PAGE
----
Stocks notched broad gains on Wall Street in afternoon trading Tuesday as a pullback in bond yields sparked a rally in beaten-down technology companies.
The S&P 500 rose 1.9% as of 2:58 p.m. Eastern time, pushed higher primarily by gains in tech stocks and companies that rely on consumer spending. The Nasdaq composite surged 4.1%, led by gains in Apple, Amazon, Facebook and Cisco.
The tech-heavy index was on track of its best day in nearly a year, though it remains nearly 7% below its all-time high set Feb. 12. On Monday, it closed 10% below its peak, what is known as a “correction” on Wall Street.
The Dow Jones Industrial Average, which is weighted less toward tech than the other two indexes, was up 201 points, or 0.6%, to 32,004. The Russell 2000 index of small company stocks added 2.4%.
Investors were relieved to see that long-term interest rates were falling in the bond market. The yield on the 10-year Treasury note dropped to 1.54% after trading above 1.60% a day earlier. Higher bond yields tend to pull money away from high-priced stocks like technology companies, which have been soaring through the pandemic.
Financial sector stocks, which had benefited from the rise in bond yields, were lagging the rest of the market. Bank of America fell 1.1%, while American Express slid 2.8%. Banks tend to do well when interest rates are rising because they get to charge higher rates on loans.
Yields have been climbing with rising expectations for growth and the inflation that could follow. Higher yields put downward pressure on stocks generally, in part because they can steer away dollars that might have gone into the stock market into bonds instead. That makes investors less willing to pay such high prices for stocks, especially those that look the most expensive, such as technology stocks.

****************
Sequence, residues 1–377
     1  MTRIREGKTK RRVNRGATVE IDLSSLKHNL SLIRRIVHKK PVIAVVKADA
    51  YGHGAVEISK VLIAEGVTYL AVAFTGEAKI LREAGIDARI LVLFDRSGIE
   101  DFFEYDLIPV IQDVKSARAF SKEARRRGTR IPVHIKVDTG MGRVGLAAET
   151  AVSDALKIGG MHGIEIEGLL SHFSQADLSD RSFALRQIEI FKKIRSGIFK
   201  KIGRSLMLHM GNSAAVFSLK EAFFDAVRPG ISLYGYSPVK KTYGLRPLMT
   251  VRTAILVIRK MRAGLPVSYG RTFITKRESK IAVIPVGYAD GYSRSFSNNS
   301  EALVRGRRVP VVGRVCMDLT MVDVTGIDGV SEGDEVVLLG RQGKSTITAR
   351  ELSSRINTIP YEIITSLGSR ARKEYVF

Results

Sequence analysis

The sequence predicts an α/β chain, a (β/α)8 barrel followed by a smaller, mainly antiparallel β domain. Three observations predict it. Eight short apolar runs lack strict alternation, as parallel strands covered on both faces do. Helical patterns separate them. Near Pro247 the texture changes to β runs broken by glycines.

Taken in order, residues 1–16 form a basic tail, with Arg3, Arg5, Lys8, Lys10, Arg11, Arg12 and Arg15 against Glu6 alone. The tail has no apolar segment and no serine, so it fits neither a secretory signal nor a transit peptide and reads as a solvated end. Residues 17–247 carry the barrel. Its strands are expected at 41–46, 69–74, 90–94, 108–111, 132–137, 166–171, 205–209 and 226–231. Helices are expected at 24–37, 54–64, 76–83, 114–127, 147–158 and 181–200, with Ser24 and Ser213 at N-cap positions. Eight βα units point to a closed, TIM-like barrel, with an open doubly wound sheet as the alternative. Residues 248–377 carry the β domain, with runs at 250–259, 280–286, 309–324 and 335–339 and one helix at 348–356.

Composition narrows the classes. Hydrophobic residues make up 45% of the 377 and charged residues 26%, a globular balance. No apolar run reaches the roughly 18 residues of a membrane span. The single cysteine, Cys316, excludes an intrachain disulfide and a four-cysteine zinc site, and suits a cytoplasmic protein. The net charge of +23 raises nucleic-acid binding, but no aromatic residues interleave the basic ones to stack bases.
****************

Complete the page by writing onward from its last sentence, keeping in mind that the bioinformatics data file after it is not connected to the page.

“We're going through a regime change and it’s not dissimilar to what we saw last year,” said Kristina Hooper, chief global market strategist at Invesco. “Now we’re seeing the reverse of that and an abrupt move like that creates an environment in which investors start to worry about valuations.”
Striking the “correction” level for the Nasdaq is also important for many investors and traders who use technical indicators to decide when to buy or sell stocks. A correction is typically seen as a healthy moment for any market, giving investors a chance to pause and reallocate their investments without the volatility and stress that a bear market typically can bring.
Some of the big technology stocks that fueled the market’s remarkable turnaround in 2020 after its initial plunge as the pandemic upended the global economy have been shedding gains in the weeks since the Nasdaq’s peak on Feb. 12. Apple, for example, was down 14% through the end of last week. It was up 4.4% Tuesday. Chipmaker Nvidia had been down 22.5% in the same stretch, but is now up 8.2%. Amazon was up 4.3%, clawing back some of its losses after a nearly 10% skid since the Nasdaq’s peak.
Bond yields will likely continue rising throughout the year as part of the improving economy.
“It’s not a bad thing, it’s normal and in this environment it’s positive because it’s reflecting a far improved economic outlook,” said Hooper, said.
Investors have been betting that $1.9 trillion in coming government stimulus will help lift the economy out of its coronavirus-induced malaise. There are also investors who are betting that stimulus and an improving economy will result in some inflation down the road.
The U.S. economic aid package, passed narrowly by the Senate on Saturday, provides direct payments of up to $1,400 for most Americans and extends emergency unemployment benefits. It's a victory for President Joe Biden and his Democratic allies, and final congressional approval is expected this week.
Oil prices were also moving modestly lower, continuing a two-day slide. U.S. crude oil fell 1.6% to $64.01 a barrel.